Doctor of Nursing Practice (DNP)
Virtual Reality in stem cell transplant
The purpose of this QI project was to evaluate the effects of virtual reality (VR) on symptom distress experienced by individuals receiving an allogenic stem cell transplant. Allogenic transplants are associated with a moderate to high risk for distressing symptoms such as depression, anxiety, and pain. VR targets multiple sensory modalities, including auditory, visual or haptic experiences, by using computer-generated scenarios, which can interact with an individual and possibly diminish unpleasant symptoms. Twenty individuals aged 19 to 70 years (median age of 56.5 years) who were hospitalized in an academic setting received VR up to two sessions a week for two weeks. Before and after each session, the participant completed the Edmonton Symptom Assessment Scale Revised (ESAS-r) to evaluate their symptom distress. Paired t-tests were conducted and showed significant improvement in eight out of the ten symptoms addressed in ESAS-r (depression, anxiety, tiredness, drowsiness, appetite, pain, quality of life, and wellbeing). Nausea and shortness of breath had no significant improvements. These findings suggest VR is a novel intervention to treat distressing symptoms in a hospital setting and warrant future investigations exploring VR’s impact on prolonged hospitalizations related to distressing symptoms.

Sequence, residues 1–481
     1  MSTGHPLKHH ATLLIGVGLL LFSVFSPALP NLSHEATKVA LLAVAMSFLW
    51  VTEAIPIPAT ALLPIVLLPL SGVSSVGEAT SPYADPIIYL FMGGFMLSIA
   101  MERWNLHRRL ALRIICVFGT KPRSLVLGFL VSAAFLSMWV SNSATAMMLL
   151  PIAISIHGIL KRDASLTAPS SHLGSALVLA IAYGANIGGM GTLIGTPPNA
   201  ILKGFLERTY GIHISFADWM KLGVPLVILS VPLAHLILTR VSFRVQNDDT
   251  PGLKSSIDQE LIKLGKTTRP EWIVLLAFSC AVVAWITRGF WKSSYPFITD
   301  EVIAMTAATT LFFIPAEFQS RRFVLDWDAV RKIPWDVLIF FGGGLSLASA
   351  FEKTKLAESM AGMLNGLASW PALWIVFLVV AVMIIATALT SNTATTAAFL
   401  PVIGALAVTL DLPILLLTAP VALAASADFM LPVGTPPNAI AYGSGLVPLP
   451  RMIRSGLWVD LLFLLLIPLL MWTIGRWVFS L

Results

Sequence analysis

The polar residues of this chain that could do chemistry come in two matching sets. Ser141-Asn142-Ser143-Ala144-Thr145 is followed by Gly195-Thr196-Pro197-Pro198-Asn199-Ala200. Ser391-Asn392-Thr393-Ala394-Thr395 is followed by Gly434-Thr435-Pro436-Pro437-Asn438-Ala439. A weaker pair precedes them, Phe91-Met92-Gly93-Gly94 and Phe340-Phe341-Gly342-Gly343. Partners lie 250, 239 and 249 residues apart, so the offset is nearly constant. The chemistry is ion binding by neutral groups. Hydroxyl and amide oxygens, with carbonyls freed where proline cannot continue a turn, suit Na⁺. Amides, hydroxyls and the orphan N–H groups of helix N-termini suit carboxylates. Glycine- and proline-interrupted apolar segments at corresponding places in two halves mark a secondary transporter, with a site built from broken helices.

Vega, Colleen; Whitney, Robin; Hannah, Josef; and Smith, Grant, "The Effects of Virtual Reality on Symptom Distress in Patients Undergoing Hematopoietic Stem Cell Transplant" (2021). Doctoral Projects. 137.